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The Other Stance: Conflicting Professional Self-Images and Perceptions of the Other Profession Among Finnish PR Professionals and Journalists

://profcom.univie.ac.at/en/ (read 12.1.2011) Robson, J. (1998) `A Profession in Crisis: Status, Culture and Identity in the Further Education College’, Journal of Vocational Education and Training 5(4): 585-607. Rogers, T.B., Kuiper, N.A., and Kirker, W.S. (1977) `Self-Reference and the Encoding of Personal Information’, Journal of Personality and Social Psychology 35: 677-688. Ryan, M. and Martinson, D. L. (1988) ‘Journalists and Public Relations Practitioners: Why the Antagonism?’, Journalism Quarterly 65(1): 131-140. Salter, L. (2005) ‘The communicative structures of journalism

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Control over Stories of Illness and Life
The case of a career media participant turned media professional

, see Stage, 2015 ). However, the encounter with editorial media and professions is not considered, and they remain important in questions of participants’ access to legitimate public voice. As for the media organizations’ interests in recruiting participants, they routinely need human interest cases for their stories about illness and health, which is a popular topic of journalism and other factual genres (Briggs & Hallin, 2016). Research has demonstrated the importance of individual cases to journalistic media coverage generally (e.g., Birks, 2017 ; Figenschou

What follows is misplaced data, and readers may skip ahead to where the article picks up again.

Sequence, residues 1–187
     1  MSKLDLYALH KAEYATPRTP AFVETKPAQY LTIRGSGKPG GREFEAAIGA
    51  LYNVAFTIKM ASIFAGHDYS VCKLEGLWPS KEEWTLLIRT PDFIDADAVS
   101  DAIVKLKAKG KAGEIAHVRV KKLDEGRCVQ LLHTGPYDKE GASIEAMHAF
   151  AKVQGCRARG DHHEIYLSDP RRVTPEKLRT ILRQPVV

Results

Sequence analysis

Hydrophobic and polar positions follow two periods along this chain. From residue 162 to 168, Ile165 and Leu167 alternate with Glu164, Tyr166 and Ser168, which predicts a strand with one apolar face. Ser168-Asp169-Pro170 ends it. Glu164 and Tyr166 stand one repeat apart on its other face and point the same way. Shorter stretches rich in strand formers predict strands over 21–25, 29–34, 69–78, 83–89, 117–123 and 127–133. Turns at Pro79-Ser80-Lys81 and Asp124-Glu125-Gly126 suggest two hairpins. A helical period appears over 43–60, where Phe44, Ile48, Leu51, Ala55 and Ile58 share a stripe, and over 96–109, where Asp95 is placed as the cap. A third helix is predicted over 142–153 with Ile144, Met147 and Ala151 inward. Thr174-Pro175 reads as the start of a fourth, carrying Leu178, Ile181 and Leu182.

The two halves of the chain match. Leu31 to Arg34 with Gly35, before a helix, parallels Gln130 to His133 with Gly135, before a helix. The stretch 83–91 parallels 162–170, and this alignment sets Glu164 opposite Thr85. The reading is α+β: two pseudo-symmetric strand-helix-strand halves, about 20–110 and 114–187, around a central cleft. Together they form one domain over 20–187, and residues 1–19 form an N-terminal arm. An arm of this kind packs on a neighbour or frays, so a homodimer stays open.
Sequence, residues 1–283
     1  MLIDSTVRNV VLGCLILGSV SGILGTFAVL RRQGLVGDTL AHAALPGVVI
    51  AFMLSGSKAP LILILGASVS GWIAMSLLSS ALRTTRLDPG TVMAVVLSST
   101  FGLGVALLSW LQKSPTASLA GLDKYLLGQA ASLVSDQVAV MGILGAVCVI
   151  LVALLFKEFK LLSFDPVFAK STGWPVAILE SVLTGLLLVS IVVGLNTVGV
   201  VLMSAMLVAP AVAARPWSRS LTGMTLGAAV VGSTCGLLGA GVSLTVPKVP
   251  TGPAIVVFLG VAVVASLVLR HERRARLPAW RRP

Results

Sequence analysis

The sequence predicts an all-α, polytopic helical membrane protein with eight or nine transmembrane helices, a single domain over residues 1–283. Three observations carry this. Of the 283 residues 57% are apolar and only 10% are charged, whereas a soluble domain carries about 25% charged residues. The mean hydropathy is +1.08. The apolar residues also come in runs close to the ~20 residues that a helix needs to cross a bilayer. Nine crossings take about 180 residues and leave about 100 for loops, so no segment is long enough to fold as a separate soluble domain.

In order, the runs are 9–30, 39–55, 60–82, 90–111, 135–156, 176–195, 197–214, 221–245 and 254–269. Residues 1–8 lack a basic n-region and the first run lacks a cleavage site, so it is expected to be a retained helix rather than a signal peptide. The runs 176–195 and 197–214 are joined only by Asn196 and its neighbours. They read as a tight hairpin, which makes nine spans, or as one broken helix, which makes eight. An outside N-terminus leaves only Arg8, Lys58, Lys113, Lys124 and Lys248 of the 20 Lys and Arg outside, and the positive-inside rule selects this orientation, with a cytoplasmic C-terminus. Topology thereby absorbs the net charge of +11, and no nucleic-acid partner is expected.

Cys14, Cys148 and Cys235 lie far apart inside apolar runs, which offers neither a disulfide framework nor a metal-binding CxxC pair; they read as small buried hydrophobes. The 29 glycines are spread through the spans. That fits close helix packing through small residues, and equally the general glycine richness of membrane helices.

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The Difference Culture Makes
Comparing Swedish news and cultural journalism on the 2015 terrorist attacks in Paris

shifting paradigm and a ‘journalistification’ of the profession. Journalism 18(6): 664-679. https://doi.org/10.1177/1464884915625629 10.1177/1464884915625629 Sarrimo C. 2017 The press crisis and its impact on Swedish arts journalism: Autonomy loss, a shifting paradigm and a ‘journalistification’ of the profession Journalism 18 6 664 679 https://doi.org/10.1177/1464884915625629 Schudson, M. (2001). The objectivity norm in American journalism. Journalism 2(2): 149-170. 10.1177/146488490100200201 Schudson M. 2001 The objectivity norm in

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Disrupting journalism from scratch
Outlining the figure of the entrepreneur–journalist in four French pure players